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The Sun-River Mines

No matter the weather outside, the abandoned tunnels are consistently cool and damp, if not a bit muggy.
A maze of tunnels and mine shafts are all that remains of Sun-River. Chiseled out of the red stone badlands by the water that once ran through it, the location is ultimately abandoned due to the lack of maintenance on the tunnels. It is currently unknown how many branches veer away from the main passage. However, it is abundant in underground flora and fauna because of the clay-rich stone's ability for water retention.
  • Tumbleweed City - A joking name for the small tumbleweed field just outside of the Mines. There's an, honestly irresponsible, amount of tumbleweeds there. Coming to the location from this direction makes it easier to hunt down the mine entrance properly during the day.
  • Prospector's Arch - Near the mouth of the main tunnel in, there is a roughly carved stone arch, decorated with names etched into every available surface. It is tradition to place your name on the arch should you leave with a piece of gold or other object found within the mine that you didn't bring in yourself.
  • The Gilded Riverbed - The main tunnel that runs through the whole length of the cave is known as the Gilded Riverbed. This is because of the high concentration of gold and gold dust that had been carried down from the surface after decades of intense panning and mining on the surface. The whole floor glitters when a lantern is passed over it.
  • Horticus's Hole - Deep in the recesses of the cave system, near the very end, is the entrance to a sinkhole. Found by a cave diver in the latter ages of the mine's existence after the big final collapse, it's theorized that it is where the river 'ended', as shown by the massive aquifer at the bottom of the sinkhole.
  • The Hourglass - You will smell it before you see it. Following the acrid sweet smell, you will be met with odd, flowering plants - the only plants that seem to grow beside the typical brush and tumbleweeds here. A mineral-rich, mini-biome of sorts, there are a few pools of still water - likely just leftovers from the last rainfall - that hold things like pyrite and kaolinite (which lend scents of their own to the already aromatic landmark). Most of the plants linger low to the ground, but the flowers of various purples and red seem to get enough sunlight, so they do not need to grow their stalks as high.

    If it's not the scent that you follow, on some nights, when the moon is high and full, it would be the faint glowing. Once you're within the Hourglass, it's difficult to discern where the glowing originated from, but some allege that it's the light from the pools bouncing off of the flowers, or perhaps it's the minerals. Whatever the case, it's an interesting sight to see in the middle of a desert.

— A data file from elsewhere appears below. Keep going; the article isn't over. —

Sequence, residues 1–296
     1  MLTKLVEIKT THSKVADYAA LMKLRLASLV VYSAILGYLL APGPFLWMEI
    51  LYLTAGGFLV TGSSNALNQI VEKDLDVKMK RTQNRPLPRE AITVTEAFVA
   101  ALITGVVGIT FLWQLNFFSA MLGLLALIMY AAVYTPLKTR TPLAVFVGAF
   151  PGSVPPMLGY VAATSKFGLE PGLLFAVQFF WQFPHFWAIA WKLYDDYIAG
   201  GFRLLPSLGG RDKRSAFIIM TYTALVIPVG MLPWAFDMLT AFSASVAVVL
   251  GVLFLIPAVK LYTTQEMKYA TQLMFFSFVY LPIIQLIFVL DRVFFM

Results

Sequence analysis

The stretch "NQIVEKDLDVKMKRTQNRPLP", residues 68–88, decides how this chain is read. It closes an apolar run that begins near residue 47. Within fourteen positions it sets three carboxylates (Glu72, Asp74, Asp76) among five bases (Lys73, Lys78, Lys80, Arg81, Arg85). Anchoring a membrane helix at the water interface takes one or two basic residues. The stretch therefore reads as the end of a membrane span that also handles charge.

The shape of The Hourglass is a newer observation, now that there is the proper technology to view it from above and find it; previously, with how flat the land was, it was difficult to get a concrete idea of it. But, much to scientists' delight, it mimics the shape of an hourglass. The pools of water are part of two slightly bigger basins, and the flora and such surrounding the two are following where the richer clay and dirt are.
  • The once gold-rich river of the badlands had attracted prospectors from across the world with a promise of undeniable wealth. It was even said that the whole bottom of the riverbed shimmered with flecks of the fallen sun with how rich the gold deposits were. However, after the river had been picked clean and gold-hunters began to take to the mines, the development within the mines began to slow down and cave-ins became more frequent. It was suggested that greed had been getting the better of mankind in everyone's attempts to extract without paying proper respects to the earth. It was also suggested that the cave-ins had been a warning from the gods and it wasn't until the final cave-in that the message had been received loud and clear.
  • Cut off from the massive industry that had nearly stripped it dry of resources, the mines now lay as an opportunity for study by adventurous spelunkers and daring-do types of people!
  • Some have rumors that the area is blessed by Aga; it's a possible reason for there to be foliage and such out here, but it's most likely due to the rich clay and dirt, and the naturally occurring water. (Where is the water coming from? It certainly hasn't rained for a good second. Perhaps there's something else underneath the Sun-River mines...)

Original location inspiration by DoctorLinnec and jackdawjay
Original location inspiration by AlphaSpice